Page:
JOHANNESBURG (AP) — Rights groups are lobbying rapper Nicki Minaj to cancel her upcoming concert in Angola, a southern African country often criticized for human rights abuses and corruption.
Minaj is set to perform in the capital, Luanda, in a holiday season concert organized by Angolan mobile phone company Unitel, according to local media reports.
“Guess who’s performing in Angola Dec 19th at the Unitel Christmas Festival,” Minaj tweeted, also sharing the event’s poster on her Instagram account. The award-winning rapper will share the stage with local acts at the stadium concert, according to the Unitel website.
The Angolan president’s daughter owns a large stake in Unitel, the country’s biggest mobile phone network, according to the Human Rights Foundation.
“Nicki Minaj is a global artist,” the foundation’s president, Thor Halvorssen, said in a statement. “There is no good reason for her to do business with the corrupt Angolan dictatorship and endorse the ruler’s family company.”
A representative for Minaj did not immediately respond to a request for comment.
The group has written a letter to Minaj, urging her to cancel the performance and instead support a local rapper who was jailed along with other youth activists.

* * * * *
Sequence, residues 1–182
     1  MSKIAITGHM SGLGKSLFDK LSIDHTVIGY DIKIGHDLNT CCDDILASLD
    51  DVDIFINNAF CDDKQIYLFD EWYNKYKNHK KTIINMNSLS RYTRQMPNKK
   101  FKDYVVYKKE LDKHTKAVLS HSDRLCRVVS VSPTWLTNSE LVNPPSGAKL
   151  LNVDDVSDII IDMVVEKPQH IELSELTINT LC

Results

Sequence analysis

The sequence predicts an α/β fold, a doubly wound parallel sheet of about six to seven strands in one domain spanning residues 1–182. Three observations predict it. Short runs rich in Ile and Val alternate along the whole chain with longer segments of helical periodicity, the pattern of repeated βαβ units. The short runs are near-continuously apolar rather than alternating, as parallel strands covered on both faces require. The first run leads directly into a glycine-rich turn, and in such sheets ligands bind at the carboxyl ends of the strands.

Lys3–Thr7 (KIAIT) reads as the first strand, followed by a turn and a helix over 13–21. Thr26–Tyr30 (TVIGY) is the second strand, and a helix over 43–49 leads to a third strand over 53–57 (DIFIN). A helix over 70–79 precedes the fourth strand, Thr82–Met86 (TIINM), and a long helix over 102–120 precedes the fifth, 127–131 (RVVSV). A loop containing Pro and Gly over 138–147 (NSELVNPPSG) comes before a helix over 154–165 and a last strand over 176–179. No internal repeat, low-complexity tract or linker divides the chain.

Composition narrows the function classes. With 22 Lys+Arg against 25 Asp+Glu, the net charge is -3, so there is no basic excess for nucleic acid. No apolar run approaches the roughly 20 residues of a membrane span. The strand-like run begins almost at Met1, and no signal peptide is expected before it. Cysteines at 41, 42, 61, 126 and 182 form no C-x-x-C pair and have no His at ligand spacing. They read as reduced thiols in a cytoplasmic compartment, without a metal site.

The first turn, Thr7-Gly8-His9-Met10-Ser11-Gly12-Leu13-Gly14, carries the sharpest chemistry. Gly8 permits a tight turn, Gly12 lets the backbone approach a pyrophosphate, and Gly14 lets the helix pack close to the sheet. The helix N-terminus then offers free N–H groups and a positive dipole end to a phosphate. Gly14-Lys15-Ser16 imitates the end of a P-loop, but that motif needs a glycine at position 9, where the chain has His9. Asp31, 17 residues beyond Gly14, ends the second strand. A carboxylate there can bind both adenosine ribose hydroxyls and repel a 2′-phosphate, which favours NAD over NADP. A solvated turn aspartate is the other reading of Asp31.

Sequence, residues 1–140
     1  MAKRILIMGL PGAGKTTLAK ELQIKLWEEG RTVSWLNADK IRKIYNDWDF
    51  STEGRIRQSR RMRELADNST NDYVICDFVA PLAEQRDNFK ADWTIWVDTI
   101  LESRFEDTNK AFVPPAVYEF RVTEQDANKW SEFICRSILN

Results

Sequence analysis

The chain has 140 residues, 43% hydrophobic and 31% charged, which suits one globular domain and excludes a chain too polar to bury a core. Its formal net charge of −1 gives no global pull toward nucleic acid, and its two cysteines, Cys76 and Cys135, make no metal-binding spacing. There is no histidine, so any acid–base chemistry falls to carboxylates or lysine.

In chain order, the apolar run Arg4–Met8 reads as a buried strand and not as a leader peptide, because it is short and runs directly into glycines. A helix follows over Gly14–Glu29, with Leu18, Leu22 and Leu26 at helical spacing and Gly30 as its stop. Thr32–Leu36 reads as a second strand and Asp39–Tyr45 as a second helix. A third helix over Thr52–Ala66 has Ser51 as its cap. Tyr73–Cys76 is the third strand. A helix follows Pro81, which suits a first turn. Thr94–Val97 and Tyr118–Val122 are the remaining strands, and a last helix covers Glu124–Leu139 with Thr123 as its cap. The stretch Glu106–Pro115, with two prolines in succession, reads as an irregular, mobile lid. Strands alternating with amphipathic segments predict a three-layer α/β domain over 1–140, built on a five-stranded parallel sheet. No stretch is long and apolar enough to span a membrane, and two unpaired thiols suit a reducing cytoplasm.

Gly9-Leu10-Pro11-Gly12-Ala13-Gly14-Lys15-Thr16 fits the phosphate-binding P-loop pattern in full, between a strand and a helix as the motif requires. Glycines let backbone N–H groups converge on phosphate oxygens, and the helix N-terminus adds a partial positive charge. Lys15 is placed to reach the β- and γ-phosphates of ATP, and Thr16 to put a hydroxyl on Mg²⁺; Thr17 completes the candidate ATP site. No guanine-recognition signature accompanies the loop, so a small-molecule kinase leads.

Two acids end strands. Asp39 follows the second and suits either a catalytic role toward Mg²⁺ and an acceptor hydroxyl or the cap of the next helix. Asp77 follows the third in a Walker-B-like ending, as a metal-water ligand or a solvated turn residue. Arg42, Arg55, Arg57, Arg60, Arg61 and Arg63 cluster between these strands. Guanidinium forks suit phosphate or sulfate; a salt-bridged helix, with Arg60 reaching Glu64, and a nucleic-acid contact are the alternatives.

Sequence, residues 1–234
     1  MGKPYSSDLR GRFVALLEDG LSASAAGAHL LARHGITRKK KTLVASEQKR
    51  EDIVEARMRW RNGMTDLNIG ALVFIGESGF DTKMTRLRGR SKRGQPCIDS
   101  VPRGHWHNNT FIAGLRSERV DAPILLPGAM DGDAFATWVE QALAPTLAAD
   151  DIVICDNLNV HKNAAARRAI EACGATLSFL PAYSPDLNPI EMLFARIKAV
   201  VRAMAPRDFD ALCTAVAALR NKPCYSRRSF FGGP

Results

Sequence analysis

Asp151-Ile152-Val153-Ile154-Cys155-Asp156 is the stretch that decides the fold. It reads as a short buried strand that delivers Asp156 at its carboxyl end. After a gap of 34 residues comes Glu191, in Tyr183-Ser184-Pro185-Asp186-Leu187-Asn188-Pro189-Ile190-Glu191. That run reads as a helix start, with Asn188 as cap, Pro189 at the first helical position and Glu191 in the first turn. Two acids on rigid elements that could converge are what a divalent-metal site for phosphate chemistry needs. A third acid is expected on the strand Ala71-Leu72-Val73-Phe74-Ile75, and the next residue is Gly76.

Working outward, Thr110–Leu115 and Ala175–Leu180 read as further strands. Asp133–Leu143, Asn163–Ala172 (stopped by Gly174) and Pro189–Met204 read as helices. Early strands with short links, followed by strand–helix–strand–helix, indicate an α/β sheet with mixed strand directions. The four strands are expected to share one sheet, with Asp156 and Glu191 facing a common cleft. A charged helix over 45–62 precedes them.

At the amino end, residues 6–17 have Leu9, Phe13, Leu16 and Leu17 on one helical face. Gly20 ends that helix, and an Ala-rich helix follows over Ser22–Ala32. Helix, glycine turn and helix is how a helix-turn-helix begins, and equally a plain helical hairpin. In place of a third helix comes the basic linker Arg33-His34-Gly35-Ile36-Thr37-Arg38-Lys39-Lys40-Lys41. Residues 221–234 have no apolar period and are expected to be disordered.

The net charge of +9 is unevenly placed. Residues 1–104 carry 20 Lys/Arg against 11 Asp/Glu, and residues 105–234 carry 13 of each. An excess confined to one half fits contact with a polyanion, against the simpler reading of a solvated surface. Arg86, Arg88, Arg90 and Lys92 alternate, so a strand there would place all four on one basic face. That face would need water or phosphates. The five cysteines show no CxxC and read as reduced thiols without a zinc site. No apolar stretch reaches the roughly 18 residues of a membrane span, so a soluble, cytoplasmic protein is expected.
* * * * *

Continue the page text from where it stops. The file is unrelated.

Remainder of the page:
“As a strong-willed independent artist, shouldn’t you be advocating for the release of the imprisoned rapper Luaty Beirao (who was arrested in June and charged with preparing a rebellion) rather than entertaining the dictator and his thieving family?” the letter read.
“Nicki Minaj is following in the footsteps of Mariah Carey, callously taking money from a dictator who’s been in power for nearly four decades,” said Jeffrey Smith, Africa policy director for the Robert F. Kennedy Human Rights group.
Singer Mariah Carey performed at an Angolan Red Cross gala in Angola in 2013, according to the Human Rights Foundation. Carey was reportedly paid $1 million for the performance, sponsored by Unitel.
President Jose Eduardo dos Santos has ruled the oil-rich country for 36 years.
Copyright 2015 The Associated Press. All rights reserved. This material may not be published, broadcast, rewritten or redistributed.